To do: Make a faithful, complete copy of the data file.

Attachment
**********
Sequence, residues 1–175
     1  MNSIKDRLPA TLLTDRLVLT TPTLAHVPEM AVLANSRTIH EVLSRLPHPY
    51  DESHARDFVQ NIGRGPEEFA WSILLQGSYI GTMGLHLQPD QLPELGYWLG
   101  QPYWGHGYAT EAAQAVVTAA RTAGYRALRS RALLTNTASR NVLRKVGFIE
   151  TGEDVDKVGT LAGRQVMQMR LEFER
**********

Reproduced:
Sequence, residues 1–175
     1  MNSIKDRLPA TLLTDRLVLT TPTLAHVPEM AVLANSRTIH EVLSRLPHPY
    51  DESHARDFVQ NIGRGPEEFA WSILLQGSYI GTMGLHLQPD QLPELGYWLG
   101  QPYWGHGYAT EAAQAVVTAA RTAGYRALRS RALLTNTASR NVLRKVGFIE
   151  TGEDVDKVGT LAGRQVMQMR LEFER